The identity management space is core to IT. Identity and access management solutions control who has access to what in an organization. Because of the fundamental nature of IAM, there are a number of identity management competitors in the space. So, what do you need to know when it comes to choosing an identity provider to manage your IT resources?
Well, let’s take a look at how identity management has evolved over the years. Doing so will reveal that identity management solutions have struggled to meet the needs of a cloud-forward, modern environment.
IAM Started Off with LDAP
The modern era of identity management really started with the advent of the LDAP protocol. This protocol was created by Tim Howes and his colleagues at the University of Michigan in the early 1990s, and it went on to become one of the core authentication methods for IT resources. Shortly after LDAP’s creation, it spawned two major innovations: Microsoft® Active Directory® and OpenLDAP™.
Both of these solutions were considered directory services, as they offered a database of users and what those users could access. IT resources would check with the directory service when someone tried to login. The directory service, or identity provider as it is often called, would check to see if the user had access or not and return that to the IT resource. For many years, OpenLDAP would be the core directory service for organizations that leveraged mainly Linux infrastructure. AD was the go-to choice for predominantly Windows environments, and as most know, Active Directory became the market share leader in the IAM space.
Then, when the IT landscape started to shift to web applications, cloud infrastructure, WiFi, Mac and Linux machines, and more, IT admins struggled to control access to those resources. This was because Active Directory simply wasn’t built to integrate with cloud-based non-Microsoft resources.
How Changes Impacted IAM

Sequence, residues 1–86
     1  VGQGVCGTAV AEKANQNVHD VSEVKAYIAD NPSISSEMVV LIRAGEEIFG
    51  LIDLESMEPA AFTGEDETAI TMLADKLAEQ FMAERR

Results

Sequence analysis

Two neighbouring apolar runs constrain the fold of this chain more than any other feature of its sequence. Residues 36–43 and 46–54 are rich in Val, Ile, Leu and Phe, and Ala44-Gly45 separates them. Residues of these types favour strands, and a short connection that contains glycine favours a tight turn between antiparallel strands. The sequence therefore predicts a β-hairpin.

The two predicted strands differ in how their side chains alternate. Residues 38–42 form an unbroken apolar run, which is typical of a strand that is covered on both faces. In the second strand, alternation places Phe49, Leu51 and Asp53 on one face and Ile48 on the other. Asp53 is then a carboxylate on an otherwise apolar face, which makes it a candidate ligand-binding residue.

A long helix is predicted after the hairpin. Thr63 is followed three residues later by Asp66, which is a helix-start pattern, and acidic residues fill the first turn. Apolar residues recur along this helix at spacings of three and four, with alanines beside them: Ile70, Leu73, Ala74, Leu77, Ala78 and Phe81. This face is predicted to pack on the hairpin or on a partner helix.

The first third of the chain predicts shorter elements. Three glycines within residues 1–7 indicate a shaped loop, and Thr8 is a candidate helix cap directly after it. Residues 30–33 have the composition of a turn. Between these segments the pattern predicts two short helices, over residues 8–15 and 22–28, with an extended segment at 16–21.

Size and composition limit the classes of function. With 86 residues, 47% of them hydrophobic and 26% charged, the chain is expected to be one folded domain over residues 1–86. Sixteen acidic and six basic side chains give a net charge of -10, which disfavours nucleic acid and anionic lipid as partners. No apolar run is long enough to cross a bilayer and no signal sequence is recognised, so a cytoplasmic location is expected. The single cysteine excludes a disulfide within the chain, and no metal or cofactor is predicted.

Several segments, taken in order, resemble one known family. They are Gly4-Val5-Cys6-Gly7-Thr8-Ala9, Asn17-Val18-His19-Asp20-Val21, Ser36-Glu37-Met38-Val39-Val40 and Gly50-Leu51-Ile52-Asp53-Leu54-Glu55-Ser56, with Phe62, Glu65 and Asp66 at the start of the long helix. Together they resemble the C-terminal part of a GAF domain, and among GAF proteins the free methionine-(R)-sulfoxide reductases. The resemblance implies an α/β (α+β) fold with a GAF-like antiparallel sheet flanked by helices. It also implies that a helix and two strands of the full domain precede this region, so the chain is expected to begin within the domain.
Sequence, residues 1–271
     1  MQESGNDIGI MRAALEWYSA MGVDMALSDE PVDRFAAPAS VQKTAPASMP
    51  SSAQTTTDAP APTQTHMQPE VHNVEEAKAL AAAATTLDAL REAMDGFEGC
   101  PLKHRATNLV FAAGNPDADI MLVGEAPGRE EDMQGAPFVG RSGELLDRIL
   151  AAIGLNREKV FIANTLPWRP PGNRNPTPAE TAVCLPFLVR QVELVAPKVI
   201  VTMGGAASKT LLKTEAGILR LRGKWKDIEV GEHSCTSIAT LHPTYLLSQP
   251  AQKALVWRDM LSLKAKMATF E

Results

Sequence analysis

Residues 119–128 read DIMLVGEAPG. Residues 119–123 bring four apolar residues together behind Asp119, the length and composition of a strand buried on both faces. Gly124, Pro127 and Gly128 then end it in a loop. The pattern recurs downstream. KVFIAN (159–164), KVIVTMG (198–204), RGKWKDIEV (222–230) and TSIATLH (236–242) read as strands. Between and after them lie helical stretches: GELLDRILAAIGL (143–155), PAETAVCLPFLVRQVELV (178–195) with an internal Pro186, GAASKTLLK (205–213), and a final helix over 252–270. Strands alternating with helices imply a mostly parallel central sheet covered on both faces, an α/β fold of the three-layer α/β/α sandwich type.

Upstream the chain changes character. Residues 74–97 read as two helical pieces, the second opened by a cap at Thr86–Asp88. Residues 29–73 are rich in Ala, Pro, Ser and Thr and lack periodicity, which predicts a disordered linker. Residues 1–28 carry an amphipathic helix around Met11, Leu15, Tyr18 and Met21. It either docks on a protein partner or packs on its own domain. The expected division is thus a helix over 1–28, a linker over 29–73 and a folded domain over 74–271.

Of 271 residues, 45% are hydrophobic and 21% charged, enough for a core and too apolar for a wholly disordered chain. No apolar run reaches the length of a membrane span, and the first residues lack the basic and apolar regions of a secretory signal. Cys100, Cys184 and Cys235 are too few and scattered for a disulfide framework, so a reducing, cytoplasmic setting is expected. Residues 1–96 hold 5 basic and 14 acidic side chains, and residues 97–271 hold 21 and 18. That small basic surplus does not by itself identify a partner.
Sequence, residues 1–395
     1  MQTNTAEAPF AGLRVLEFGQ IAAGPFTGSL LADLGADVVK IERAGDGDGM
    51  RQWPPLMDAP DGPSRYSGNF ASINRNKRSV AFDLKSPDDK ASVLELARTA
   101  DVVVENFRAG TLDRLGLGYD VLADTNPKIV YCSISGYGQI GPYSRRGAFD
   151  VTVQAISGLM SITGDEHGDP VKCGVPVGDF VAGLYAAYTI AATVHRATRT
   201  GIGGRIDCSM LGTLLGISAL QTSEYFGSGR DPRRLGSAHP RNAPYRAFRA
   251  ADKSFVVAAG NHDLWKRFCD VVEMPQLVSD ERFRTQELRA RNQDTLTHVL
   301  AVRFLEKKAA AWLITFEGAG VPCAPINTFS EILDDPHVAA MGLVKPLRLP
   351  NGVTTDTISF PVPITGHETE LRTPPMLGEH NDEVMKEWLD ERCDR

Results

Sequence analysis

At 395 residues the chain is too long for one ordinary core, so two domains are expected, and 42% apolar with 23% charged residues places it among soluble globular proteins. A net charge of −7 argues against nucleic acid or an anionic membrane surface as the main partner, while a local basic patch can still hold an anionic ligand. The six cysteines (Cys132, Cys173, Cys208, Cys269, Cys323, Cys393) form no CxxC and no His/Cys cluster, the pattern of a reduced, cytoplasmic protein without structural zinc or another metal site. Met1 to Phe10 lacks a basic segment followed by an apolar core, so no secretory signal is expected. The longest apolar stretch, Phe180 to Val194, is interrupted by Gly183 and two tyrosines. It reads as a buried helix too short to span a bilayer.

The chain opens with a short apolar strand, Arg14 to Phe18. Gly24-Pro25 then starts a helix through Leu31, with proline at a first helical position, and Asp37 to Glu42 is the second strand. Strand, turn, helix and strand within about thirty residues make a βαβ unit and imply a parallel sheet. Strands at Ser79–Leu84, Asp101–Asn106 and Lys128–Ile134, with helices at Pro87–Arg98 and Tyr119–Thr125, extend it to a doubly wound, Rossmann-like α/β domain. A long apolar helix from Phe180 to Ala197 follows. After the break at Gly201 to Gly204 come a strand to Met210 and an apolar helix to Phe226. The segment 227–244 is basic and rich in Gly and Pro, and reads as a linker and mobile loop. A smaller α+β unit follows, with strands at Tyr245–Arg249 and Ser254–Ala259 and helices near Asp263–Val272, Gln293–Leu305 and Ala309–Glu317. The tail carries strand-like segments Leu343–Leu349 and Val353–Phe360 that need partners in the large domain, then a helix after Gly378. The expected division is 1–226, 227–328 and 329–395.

The result was that the identity management space splintered into a number of different categories including directory services, web application single sign-on, privileged identity management, identity bridges, and governance solutions, among others. Essentially, the list of identity management competitors exploded.
For IT admins, this broad list of vendors in the identity management space was hard to deal with because they each solved only one part of the problem, and they all needed to be integrated together. Interestingly, the integration points would all come back to the core identity provider because it was the authoritative source of truth for identities.
Instead of implementing multiple identity management solutions, modern organizations are now turning to a cloud identity management platform called JumpCloud® Directory-as-a-Service®.
Complete IT Resource Management with JumpCloud
This core, cloud directory is integrating authentication, authorization, and system management. Now, virtually any IT resource, regardless of platform, protocol, provider, or location, can authenticate against this modern cloud directory service. This means IT admins can securely control authentication to systems (Mac, Linux, and Windows), local and cloud servers (AWS and GCP) applications (SAML and LDAP-based), file storage (virtual and physical), and networks (wired and WiFi).
With JumpCloud Directory-as-a-Service, IT organizations can enjoy optimized and centralized identity management across their entire environment, while users benefit by gaining One Identity to Rule Them All® .
There’s More To Explore about Identity Management Competitors
If you are interested in expanding your knowledge some more about identity management competitors, consider watching the JumpCloud Story whiteboard video above. You are also more than welcome to drop us a note. If you’re ready to start testing our cloud identity management platform, sign up for a free account. Your first ten users are free forever, and the whole platform is available, so you can really see how JumpCloud works in your environment.
This is a Security Bloggers Network syndicated blog post authored by Natalie Bluhm. Read the original post at: Blog – JumpCloud